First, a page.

The first time I heard “There are no books with characters like you”, I believed it. I believed it the second time too. And the third.
You can probably tell where this is going.
I wish I had a neat little story where I stumble across a book that has a character like me and I present you with the title and the author. I don’t. What I do have is that one day, despite being told that I don’t get to be in stories over and over again, I looked anyway.
And I found me. Well. At least characters close enough like me that I felt like I was seen for the first time.
I looked and I found book upon book. To this day, many people are astounded when they ask for books with asexual representation and I tell them Protector of the Small by Tamora Pierce has an aroace lead. They read it. It resonated with them. They didn’t know Kel was like them. For real.
We’re only visible to people if they look. Our books are like that too. It’s 2021 and there are enough books with asexual and aromantic (aspec) characters to keep even voracious readers like myself well-stocked for… Probably around a decade now. And yet we hear “Only this handful of books exist” constantly, when it’s not “Book with aspec rep don’t exist at all”. The truth is that aspec literature is thriving, especially within SFF. People just need to learn to look for them.
To that end, I’m grateful to Glasgow in 2024 to let me write a short (by my standards) post on SFF books with aspec characters. Below are some titles that I hope will introduce you to aspec books you didn’t know about and that help Glasgow in 2024 reflect all our futures.
One of the earliest sci-fi books we have with explicit asexual representation is R.J. Anderson’s Quicksilver in 2013. A sequel to Ultraviolet (2011), it works perfectly fine as a standalone and stars Tori, an asexual teen with a strong affinity for STEM, as she navigates keeping her abilities and herself hidden from the people hunting her while wanting to be her own self.
The Sound of Stars by Alechia Dow (2020), meanwhile, is likely the first Black science fiction book with a demisexual lead, and one of the scant books where asexuality is used to say “We are the same” instead of “Asexuals are other”. Ellie loves books and music, but an alien invasion has outlawed all creative expression. Despite the risks, Ellie runs a secret library. When she’s found out by M0Rr1S (or Morris), one of the Ilori, the two of them are thrust together on a road trip that could save everyone.
Like TSoS, music and communication play an important part in RoAnna Sylver’s Chameleon Moon (2016). With an all-queer cast, Sylver deliberately subverts tropes and stereotypes, turning asexuality’s invisibility in society into a literal superpower. Regan doesn’t remember anything about his past, but when he runs into Evelyn, he has a chance to rediscover himself and to discover the truth behind Parole, the city in which they’re all trapped.
Tarnished Are the Stars by Rosiee Thor (2019) is a genre-blending science fantasy adventure with an aroace MC. On a planet where technology is illegal, Nathaniel is desperate for his father’s approval and hunts an outlaw who provides life-saving medical technology. But the more he learns about Anna and their intertwined lives, the more he questions everything, and the more he realises that found family is worth fighting for.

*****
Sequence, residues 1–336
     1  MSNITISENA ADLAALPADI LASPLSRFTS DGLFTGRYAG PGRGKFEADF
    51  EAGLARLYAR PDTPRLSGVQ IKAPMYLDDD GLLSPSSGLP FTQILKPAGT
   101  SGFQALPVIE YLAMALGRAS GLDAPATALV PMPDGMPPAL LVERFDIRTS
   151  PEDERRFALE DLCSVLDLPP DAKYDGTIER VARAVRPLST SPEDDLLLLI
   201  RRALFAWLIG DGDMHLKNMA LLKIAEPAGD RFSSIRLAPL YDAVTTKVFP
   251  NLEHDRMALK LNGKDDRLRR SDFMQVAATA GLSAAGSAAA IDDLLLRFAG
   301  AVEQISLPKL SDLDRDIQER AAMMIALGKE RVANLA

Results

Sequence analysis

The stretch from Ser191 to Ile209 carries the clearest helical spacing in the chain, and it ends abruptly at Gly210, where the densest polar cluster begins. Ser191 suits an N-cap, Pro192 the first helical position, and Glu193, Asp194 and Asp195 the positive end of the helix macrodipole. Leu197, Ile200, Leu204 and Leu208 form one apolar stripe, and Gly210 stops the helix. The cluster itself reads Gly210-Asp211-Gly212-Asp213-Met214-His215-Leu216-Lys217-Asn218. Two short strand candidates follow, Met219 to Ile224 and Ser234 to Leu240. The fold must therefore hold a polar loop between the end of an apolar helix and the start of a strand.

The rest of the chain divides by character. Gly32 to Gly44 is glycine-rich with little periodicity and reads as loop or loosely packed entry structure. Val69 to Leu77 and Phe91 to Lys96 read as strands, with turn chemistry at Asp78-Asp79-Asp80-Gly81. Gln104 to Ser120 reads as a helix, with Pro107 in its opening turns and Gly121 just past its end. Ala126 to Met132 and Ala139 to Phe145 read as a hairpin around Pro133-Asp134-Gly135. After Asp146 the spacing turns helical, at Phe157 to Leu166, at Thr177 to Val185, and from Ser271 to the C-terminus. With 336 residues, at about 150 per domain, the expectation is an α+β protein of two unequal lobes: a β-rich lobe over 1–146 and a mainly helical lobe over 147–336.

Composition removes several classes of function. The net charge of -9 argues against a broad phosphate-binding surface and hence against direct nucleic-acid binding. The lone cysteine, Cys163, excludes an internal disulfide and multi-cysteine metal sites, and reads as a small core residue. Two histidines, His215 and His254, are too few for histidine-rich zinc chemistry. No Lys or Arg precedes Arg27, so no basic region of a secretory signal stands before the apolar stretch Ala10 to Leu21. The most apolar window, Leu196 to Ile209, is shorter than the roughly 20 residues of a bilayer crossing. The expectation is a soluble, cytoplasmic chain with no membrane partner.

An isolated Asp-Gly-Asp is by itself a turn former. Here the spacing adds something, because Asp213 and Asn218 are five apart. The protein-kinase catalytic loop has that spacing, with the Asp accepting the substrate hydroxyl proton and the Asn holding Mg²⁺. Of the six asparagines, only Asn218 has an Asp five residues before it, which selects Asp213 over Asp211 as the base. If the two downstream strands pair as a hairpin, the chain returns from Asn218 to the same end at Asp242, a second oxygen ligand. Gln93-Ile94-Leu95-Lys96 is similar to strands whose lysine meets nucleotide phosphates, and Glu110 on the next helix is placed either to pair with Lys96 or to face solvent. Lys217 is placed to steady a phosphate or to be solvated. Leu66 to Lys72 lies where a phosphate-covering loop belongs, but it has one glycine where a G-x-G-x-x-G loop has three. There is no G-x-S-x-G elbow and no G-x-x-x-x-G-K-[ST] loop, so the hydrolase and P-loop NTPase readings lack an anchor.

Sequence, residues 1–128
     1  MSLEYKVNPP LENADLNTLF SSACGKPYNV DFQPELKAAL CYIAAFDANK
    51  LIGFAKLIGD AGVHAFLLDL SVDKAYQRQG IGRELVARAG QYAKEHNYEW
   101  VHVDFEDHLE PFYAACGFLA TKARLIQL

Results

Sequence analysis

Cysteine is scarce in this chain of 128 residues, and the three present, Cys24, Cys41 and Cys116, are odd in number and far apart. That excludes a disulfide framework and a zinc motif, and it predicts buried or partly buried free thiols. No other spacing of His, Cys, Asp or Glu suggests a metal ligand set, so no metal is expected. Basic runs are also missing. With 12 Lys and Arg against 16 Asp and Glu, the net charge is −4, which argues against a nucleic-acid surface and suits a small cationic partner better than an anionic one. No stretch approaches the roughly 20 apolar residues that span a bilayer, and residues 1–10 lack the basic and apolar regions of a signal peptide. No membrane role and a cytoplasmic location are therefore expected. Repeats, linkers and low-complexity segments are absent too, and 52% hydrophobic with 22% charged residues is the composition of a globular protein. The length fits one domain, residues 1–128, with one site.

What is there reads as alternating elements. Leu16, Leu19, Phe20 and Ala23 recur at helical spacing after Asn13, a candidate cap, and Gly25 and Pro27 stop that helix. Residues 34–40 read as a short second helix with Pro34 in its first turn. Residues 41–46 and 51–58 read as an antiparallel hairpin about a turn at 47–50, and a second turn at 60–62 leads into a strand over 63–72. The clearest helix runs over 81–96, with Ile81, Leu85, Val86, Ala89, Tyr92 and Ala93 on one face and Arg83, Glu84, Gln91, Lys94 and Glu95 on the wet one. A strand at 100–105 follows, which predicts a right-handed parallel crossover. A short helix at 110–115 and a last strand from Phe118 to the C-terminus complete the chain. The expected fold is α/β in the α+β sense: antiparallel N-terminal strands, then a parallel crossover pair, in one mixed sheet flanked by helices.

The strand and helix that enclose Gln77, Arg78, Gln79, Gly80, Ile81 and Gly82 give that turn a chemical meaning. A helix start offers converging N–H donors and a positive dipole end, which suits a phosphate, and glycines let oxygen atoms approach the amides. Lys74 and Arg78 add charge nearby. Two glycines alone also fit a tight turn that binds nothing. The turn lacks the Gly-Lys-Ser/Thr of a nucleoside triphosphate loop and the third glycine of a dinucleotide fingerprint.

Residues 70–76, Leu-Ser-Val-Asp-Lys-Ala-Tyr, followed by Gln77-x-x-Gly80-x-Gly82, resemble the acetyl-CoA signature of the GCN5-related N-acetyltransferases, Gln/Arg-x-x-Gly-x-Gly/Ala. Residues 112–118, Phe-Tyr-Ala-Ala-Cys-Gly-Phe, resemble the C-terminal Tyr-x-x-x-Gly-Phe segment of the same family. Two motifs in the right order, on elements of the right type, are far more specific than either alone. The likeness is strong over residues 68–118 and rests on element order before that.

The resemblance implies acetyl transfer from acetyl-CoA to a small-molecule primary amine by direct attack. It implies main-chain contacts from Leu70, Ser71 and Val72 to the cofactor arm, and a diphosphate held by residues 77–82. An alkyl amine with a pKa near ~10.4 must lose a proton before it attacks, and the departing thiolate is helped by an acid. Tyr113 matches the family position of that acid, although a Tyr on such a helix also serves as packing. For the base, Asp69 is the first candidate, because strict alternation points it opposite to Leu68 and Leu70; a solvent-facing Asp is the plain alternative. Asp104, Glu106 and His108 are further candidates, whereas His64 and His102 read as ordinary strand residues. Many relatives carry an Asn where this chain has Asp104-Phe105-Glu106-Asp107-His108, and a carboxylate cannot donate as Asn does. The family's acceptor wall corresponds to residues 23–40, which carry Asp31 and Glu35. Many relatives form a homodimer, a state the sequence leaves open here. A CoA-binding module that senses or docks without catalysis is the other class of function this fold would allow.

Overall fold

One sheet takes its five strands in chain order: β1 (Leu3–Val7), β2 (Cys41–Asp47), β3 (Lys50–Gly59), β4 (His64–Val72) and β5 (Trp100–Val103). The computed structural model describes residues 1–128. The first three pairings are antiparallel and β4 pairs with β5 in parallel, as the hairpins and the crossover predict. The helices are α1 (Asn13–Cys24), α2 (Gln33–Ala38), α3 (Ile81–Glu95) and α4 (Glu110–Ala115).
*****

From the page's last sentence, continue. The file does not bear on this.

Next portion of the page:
Werecockroach by Polenth Blake (2018) is a novella, and a humorous take on an alien invasion/first contact story with an agender, aromantic and asexual lead. Rin’s first day in their new flat doesn’t go as planned at all, but in the process they discover that things aren’t always what they same, and sometimes they’re every bit as important as they sound.
Lastly, East Flows the River by Michelle Kan (2020) is a short story, and part of their collection of Aromantic Chinese Fairytales. As the only fantasy piece on the list, this is a story about friendship between a maiden and a fox spirit as they journey together and discover what home means.
This list represents only a tiny selection of the asexual and aromantic SFF out there, and more is getting published every year. Some of these you may have heard of, some you may not. I wish you happy reading for all of them! If you’d like a place to start finding more aspec books, one of the best resources covering what’s available in general is The AroAce Database run by Claudie Arseneault. She also maintains curated lists of favourites on her author website if the database is a little overwhelming.
This article was brought to you by S.L. Dove Cooper in association with Promotions.
S.L. Dove Cooper (She/they) is a bi demi queer indie SFF author and independent researcher who is terrible at bios. In her “copious spare time”, she is making a valiant attempt at reading all the aspec literature out there and convincing people that aspec SFF features far more actually human aspec characters than stereotyped non-humans. You can find more of their work via their website: https://dovelynnwriter.com/ and on twitter @dovelynnwriter
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